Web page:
NOAA05-081
FOR IMMEDIATE RELEASE
Contact: Susan Buchanan
6/20/05
NOAA News Releases 2005
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NOAA Public Affairs

PACIFIC FISHING NATIONS POISED TO ADOPT BAN ON SHARK FINNING

On June 20-24, 2005, members of the Inter-American Tropical Tuna Commission will convene in Lanzarote, Spain, to consider fishery management and conservation measures, including a ban on shark finning. Shark finning is the practice of slicing the fin off the shark and discarding the carcass to save space on a fishing vessel.

Recent increases in shark catches, as well as an expansion of the geographic areas fished, have led to global concern about the status of some shark populations. International cooperation is critical as many species of sharks are highly migratory and regularly cross national boundaries throughout all oceans of the world.

For many years, NOAA has led domestic and international efforts to ban shark finning. In 1993, NOAA prohibited U.S. vessels from shark finning in waters of the Atlantic and Gulf of Mexico. The United States proclaimed shark finning to be a wasteful practice in the Shark Finning Prohibition Act adopted by Congress in 2000. In 2002, the finning prohibition was extended to apply to all persons under U.S. jurisdiction, including all U.S. vessels fishing in Pacific waters. NOAA has continued to work with the U.S. Department of State to encourage other countries to adopt similar conservation measures.

The IATTC has embraced the need to address this important conservation issue. The organization has been working for more than a year to consider proposals to end shark finning in the eastern Pacific Ocean. Most IATTC signatory nations have already expressed their agreement with the spirit of the proposals. An international ban in the Pacific is now considered by many to be ripe for approval, given that an international shark finning ban for the Atlantic Ocean was adopted in November 2004.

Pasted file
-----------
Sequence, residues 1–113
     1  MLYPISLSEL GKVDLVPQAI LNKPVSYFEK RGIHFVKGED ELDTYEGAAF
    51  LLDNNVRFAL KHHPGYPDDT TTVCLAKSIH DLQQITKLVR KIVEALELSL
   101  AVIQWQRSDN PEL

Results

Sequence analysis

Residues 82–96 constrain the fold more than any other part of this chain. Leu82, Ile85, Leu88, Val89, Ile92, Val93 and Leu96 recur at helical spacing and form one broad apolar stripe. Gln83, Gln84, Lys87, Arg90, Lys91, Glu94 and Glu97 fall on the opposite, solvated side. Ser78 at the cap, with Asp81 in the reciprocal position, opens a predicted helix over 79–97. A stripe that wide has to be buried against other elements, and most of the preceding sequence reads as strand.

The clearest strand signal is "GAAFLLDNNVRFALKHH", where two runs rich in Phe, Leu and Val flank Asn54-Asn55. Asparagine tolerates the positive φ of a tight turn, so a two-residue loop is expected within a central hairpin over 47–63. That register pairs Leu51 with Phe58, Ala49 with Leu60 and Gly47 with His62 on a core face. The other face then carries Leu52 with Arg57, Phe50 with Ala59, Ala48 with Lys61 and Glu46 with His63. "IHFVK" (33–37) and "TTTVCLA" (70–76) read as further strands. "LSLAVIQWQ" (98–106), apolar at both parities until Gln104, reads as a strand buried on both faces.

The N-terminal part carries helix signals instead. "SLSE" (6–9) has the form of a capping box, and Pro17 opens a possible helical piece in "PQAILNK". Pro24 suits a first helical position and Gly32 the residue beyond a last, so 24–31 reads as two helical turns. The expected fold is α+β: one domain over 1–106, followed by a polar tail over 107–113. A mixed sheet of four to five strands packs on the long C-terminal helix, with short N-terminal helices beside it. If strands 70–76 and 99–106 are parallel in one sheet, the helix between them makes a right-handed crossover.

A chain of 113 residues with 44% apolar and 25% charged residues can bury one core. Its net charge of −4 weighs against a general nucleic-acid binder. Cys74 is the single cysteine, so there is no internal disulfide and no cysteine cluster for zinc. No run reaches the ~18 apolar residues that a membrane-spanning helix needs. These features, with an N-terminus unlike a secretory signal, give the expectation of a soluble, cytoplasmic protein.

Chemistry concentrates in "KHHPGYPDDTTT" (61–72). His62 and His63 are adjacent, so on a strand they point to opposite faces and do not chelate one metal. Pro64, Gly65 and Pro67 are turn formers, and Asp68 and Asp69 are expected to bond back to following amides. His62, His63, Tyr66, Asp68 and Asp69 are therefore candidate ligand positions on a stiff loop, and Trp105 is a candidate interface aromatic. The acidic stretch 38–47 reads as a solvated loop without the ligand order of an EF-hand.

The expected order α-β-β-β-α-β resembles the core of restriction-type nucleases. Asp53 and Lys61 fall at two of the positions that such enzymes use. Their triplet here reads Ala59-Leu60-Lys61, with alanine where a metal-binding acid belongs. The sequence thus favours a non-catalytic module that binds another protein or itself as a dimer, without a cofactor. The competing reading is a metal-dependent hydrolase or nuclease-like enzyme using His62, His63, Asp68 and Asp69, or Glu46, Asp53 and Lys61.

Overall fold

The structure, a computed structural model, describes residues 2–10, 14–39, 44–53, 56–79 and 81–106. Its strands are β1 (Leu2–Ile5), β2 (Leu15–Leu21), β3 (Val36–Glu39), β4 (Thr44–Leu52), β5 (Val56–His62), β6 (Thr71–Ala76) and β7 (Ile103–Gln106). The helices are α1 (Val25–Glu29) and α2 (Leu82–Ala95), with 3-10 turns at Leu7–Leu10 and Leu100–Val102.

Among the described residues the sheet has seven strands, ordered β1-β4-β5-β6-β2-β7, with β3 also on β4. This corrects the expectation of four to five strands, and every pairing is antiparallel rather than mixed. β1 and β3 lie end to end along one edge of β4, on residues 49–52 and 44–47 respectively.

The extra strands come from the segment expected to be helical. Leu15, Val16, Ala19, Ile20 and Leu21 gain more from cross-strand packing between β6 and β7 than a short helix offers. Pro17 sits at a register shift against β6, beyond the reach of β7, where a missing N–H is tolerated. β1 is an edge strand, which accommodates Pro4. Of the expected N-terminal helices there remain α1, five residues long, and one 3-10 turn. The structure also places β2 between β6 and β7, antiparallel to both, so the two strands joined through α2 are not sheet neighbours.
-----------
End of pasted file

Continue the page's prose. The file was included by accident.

In November, 63 countries, including the United States, reached an agreement in New Orleans to ban shark finning in the Atlantic Ocean, Gulf of Mexico and Mediterranean Sea. This binding agreement was formally adopted by the ICCAT, and is now being implemented by all member countries.

The ICCAT agreement is now on the table for consideration at the June meeting of the IATTC; it is widely expected that this measure will be given serious consideration and adopted, given the momentum of recent events.

The IATTC and ICCAT are both international commissions that are responsible for the conservation and management of highly migratory fish stocks, including sharks. The United States is a member of both commissions. The IATTC convention area is in the Eastern Pacific Ocean, while the ICCAT convention area includes the Atlantic, Mediterranean and Gulf of Mexico.

The NOAA Fisheries Service is dedicated to protecting and preserving our nation’s living marine resources and their habitat through scientific research, management and enforcement. NOAA Fisheries Service provides effective stewardship of these resources for the benefit of the nation, supporting coastal communities that depend upon them, and helping to provide safe and healthy seafood to consumers and recreational opportunities for the American public.

NOAA, an agency of the U.S. Commerce Department, is dedicated to enhancing economic security and national safety through the prediction and research of weather and climate-related events and providing environmental stewardship of the nation’s coastal and marine resources.

On the Web:

NOAA: http://www.noaa.gov

NOAA Fisheries Service: http://www.nmfs.noaa.gov

Inter-American Tropical Tuna Commission: http://www.iattc.org